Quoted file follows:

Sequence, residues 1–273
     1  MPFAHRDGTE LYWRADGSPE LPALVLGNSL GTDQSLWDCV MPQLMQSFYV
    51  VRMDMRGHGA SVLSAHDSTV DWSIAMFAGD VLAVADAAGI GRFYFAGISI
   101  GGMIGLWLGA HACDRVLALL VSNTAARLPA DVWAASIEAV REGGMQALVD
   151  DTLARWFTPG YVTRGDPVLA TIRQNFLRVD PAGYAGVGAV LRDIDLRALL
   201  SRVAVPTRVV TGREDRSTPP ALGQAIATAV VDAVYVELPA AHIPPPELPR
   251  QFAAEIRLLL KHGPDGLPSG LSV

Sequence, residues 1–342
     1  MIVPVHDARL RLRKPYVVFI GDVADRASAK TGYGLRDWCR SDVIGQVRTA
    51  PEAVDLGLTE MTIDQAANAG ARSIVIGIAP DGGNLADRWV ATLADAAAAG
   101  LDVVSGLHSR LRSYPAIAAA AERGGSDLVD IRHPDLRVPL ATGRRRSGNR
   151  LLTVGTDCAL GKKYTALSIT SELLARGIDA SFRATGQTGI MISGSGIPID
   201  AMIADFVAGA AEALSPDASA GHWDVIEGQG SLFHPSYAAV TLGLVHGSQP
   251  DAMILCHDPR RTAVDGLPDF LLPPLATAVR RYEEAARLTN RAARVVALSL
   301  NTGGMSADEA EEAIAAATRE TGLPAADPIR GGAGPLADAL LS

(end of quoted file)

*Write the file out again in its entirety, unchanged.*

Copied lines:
Sequence, residues 1–273
     1  MPFAHRDGTE LYWRADGSPE LPALVLGNSL GTDQSLWDCV MPQLMQSFYV
    51  VRMDMRGHGA SVLSAHDSTV DWSIAMFAGD VLAVADAAGI GRFYFAGISI
   101  GGMIGLWLGA HACDRVLALL VSNTAARLPA DVWAASIEAV REGGMQALVD
   151  DTLARWFTPG YVTRGDPVLA TIRQNFLRVD PAGYAGVGAV LRDIDLRALL
   201  SRVAVPTRVV TGREDRSTPP ALGQAIATAV VDAVYVELPA AHIPPPELPR
   251  QFAAEIRLLL KHGPDGLPSG LSV

Sequence, residues 1–342
     1  MIVPVHDARL RLRKPYVVFI GDVADRASAK TGYGLRDWCR SDVIGQVRTA
    51  PEAVDLGLTE MTIDQAANAG ARSIVIGIAP DGGNLADRWV ATLADAAAAG
   101  LDVVSGLHSR LRSYPAIAAA AERGGSDLVD IRHPDLRVPL ATGRRRSGNR
   151  LLTVGTDCAL GKKYTALSIT SELLARGIDA SFRATGQTGI MISGSGIPID
   201  AMIADFVAGA AEALSPDASA GHWDVIEGQG SLFHPSYAAV TLGLVHGSQP
   251  DAMILCHDPR RTAVDGLPDF LLPPLATAVR RYEEAARLTN RAARVVALSL
   301  NTGGMSADEA EEAIAAATRE TGLPAADPIR GGAGPLADAL LS